Sunny Hostin Exemplifies Progressive Ignorance About Minorities

"The View" co-host Sunny Hostin says she doesn't understand black Republicans during a conversation with Lindsey Granger. Credit: Twitter

Progressives don’t know much of anything about anyone – especially those whose causes they claim to champion. This truth was on full display during a recent airing of The View, in which co-host Sunny Hostin made some rather ignorant remarks about minorities who do not identify with the left. While discussing the new appointment of Karine Jean-Pierre as the new White House press secretary, Hostin spoke disparagingly about black and brown people who vote Republican.

Hostin made the comments while speaking with journalist Lindsey Granger, who was a guest on the show. They were discussing a possible conflict of interest because Jean-Pierre has a romantic relationship with CNN’s Suzanne Malveaux. Granger indicated that she did not believe either woman would abuse their positions, but she understands why some would be concerned about their relationship.

Co-host Ana Navarro, who pretends to be a conservative on TV, pushed back. She said, “Ben Rhodes was in the White House while his brother was head of CBS News. That does not mean there’s conflict of interest. There’s actually people – okay. I know this may be a novel point, a novel idea for a person who is a supporter of Trump, but there are people being capable of being related –” Navarro said before being interrupted by Granger.

“Wait, have I ever said that I was a supporter of Trump?” Granger interjected. “There are many things I don’t stand by that Trump did. Trump has done things that are racist, I’m a black woman first, so always understand that. But I do say that I have many conservative values that I will talk to you about, so when you look at your network —”

“Are you a Republican?” Hostin asked.

“Yes, and when you look at your network that you’re standing behind,” Granger began.

“I feel like that’s an oxymoron, a black Republican,” Hostin said.

Granger replied, noting that Hostin’s friend Navarro is (supposedly) a Republican, and that Hostin is pro-abortion–despite being a Catholic.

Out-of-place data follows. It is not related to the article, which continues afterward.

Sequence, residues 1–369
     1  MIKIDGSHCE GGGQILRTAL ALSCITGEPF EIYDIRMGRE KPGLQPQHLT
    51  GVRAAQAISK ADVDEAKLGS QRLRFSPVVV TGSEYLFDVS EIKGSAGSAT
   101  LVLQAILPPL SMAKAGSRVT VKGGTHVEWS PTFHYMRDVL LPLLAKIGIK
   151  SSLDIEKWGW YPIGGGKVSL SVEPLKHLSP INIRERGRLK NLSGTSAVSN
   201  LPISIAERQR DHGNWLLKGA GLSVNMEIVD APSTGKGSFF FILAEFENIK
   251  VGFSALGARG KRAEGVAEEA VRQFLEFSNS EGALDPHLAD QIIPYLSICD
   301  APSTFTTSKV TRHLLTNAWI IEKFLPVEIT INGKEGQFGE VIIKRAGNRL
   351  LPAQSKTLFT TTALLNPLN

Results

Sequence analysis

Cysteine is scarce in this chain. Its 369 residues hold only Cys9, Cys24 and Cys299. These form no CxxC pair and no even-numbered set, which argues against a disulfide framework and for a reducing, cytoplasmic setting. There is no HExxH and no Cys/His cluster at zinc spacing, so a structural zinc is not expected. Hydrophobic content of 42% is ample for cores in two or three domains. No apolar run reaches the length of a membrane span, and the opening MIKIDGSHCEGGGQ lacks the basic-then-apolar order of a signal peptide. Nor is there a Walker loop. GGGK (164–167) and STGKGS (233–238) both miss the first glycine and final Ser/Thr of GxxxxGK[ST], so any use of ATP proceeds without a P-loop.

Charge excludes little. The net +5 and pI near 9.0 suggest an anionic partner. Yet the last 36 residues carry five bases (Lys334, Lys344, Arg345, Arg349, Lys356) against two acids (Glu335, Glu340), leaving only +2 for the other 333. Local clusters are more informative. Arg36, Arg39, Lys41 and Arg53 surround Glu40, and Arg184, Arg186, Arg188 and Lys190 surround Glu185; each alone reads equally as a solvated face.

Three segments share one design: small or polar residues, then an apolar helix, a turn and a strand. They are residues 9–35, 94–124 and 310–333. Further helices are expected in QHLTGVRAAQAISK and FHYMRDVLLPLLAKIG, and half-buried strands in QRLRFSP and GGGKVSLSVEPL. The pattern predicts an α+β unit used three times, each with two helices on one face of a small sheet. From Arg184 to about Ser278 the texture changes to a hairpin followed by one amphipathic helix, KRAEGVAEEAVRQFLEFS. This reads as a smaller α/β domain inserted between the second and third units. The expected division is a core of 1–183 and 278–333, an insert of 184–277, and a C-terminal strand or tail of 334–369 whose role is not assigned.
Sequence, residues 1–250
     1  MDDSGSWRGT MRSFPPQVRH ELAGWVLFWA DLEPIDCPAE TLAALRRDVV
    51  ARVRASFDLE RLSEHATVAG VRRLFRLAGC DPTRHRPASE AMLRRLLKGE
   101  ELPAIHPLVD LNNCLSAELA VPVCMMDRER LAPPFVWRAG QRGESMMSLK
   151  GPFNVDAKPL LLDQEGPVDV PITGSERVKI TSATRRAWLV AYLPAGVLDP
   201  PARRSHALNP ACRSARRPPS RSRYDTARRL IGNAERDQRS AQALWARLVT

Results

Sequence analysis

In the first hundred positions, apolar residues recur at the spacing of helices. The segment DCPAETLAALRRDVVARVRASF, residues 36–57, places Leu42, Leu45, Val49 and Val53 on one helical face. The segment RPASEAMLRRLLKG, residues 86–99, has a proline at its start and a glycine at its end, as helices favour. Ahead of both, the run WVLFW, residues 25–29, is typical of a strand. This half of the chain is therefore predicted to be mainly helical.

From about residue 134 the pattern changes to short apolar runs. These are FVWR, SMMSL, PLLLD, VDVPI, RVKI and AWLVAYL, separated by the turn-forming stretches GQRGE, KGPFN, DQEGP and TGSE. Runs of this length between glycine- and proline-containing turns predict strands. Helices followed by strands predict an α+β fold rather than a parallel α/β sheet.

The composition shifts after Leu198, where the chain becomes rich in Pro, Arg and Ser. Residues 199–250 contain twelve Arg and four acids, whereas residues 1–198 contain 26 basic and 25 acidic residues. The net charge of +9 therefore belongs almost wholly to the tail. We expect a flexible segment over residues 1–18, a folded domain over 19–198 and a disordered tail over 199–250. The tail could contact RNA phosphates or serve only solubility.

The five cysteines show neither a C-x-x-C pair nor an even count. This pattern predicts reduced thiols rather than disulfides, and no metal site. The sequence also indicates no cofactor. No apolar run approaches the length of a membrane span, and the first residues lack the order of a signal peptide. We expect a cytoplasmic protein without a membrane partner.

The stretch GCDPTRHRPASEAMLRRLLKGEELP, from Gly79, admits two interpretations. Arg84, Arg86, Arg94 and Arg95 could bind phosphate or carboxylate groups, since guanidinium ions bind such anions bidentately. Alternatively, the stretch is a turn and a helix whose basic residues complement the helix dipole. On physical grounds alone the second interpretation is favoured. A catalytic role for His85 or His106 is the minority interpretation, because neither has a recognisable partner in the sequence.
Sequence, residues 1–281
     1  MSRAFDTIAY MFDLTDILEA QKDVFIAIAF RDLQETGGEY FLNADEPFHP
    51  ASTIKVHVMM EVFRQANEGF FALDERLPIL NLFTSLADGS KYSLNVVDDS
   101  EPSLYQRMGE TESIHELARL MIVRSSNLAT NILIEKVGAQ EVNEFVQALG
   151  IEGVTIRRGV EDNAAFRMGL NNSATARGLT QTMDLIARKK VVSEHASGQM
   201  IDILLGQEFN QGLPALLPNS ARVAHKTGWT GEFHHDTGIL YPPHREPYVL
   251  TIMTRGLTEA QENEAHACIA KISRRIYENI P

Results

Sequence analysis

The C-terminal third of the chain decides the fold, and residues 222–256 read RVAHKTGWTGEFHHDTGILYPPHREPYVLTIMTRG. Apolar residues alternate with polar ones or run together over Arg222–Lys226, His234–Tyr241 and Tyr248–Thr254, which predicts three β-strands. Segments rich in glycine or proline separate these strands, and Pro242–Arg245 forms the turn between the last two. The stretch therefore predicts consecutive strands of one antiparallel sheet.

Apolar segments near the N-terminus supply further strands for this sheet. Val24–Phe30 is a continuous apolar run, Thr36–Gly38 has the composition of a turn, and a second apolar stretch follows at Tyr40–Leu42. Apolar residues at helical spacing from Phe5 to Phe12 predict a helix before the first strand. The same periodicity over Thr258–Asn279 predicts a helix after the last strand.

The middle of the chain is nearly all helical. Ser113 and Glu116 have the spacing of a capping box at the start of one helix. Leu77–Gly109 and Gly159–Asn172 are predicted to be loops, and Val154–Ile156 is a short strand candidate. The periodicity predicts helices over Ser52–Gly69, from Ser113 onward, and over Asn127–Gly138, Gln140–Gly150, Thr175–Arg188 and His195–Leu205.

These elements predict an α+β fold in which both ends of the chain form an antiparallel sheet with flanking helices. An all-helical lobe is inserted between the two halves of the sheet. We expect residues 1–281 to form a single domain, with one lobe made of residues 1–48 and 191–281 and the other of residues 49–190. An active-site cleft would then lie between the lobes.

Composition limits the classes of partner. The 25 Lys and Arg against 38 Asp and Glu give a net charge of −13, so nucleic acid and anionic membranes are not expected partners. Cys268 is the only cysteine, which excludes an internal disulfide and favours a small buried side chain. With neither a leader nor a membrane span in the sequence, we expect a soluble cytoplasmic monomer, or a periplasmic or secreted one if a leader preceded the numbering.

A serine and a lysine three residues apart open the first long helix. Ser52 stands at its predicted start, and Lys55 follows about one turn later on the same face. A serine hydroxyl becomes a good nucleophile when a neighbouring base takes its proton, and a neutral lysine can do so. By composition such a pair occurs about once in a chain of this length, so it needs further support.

Hostin, unable to form a coherent thought, simply repeated, “I don’t understand either of you.”

She continued: “I don’t understand black Republicans, and I don’t understand Latino Republicans.”

Hostin’s remarks elicited a barrage of criticism on social media. Media strategist Giancarlo Sopo chimed in:

Thanks, @sunny, but we don’t need you to wokesplain politics to us.

The Democrats have abandoned Hispanics and we will vote for whatever party we damn well please.

Take your interminable list of complexes and need to make others feel like victims elsewhere. ¿Entendiste?

Congressional candidate Jennifer-Ruth Green, the type of person Hostin doesn’t understand, also responded. “Hi, @sunny. I’m Black and a proud Republican,” she tweeted. “I was raised to love America and value the principles of faith, family, personal responsibility, and service to country. I just wanted to introduce myself.”

But it was Benji Backer, president of the American Conservative Coalition, who hit the proverbial nail on the head. “Maybe you should get out of your echo-chamber and talk to some then, @sunny.”

And this, dear reader, is the issue at hand.

Hostin is not alone. I dare say she speaks for the majority of progressives, who are woefully out of touch with how the rest of the country thinks. Despite being biracial, she echoed the sentiments of the white progressive elite, who are shocked at the idea of a black or Latino American having conservative views.

Of course, despite the fact that most minorities vote Democrat, most normal folks know that blacks and Latinos have plenty of views and values in common with conservatives, despite how they vote. But far-leftists are not normal folks. They reside in echo chambers separate from the rest of America. These folks are not typically used to having their deeply-held beliefs challenged in a meaningful way. Because they surround themselves with people who think exactly as they do, they are not aware of how the rest of the nation sees the world.

Their ignorance is exemplified in the policies they push.

Progressives insisted on defunding the police and decreasing the number of officers on the street, despite the fact that the overwhelming majority of blacks and Latinos did not want less law enforcement activity in their neighborhoods. It is why they oppose the idea that parents should be empowered to choose where they send their children to school, even though most minority parents are supportive of school choice. Most importantly, it is why far-left progressive politicians have failed to win over a significant chunk of black and Latino voters, who tend to favor more moderate leaders.

Hostin’s remarks are true of most progressives. When you hear them speak, you wonder if any of these people have actually sat down with a regular black or Latino person and had conversations on the issues that are most important to them. Chances are, most of them haven’t. After all, they already have all the answers for black and brown folks – why would they need to bother speaking with them? Unfortunately for them, as long as they remain comfortably locked in their echo chambers, they will never comprehend the people they claim they want to help.



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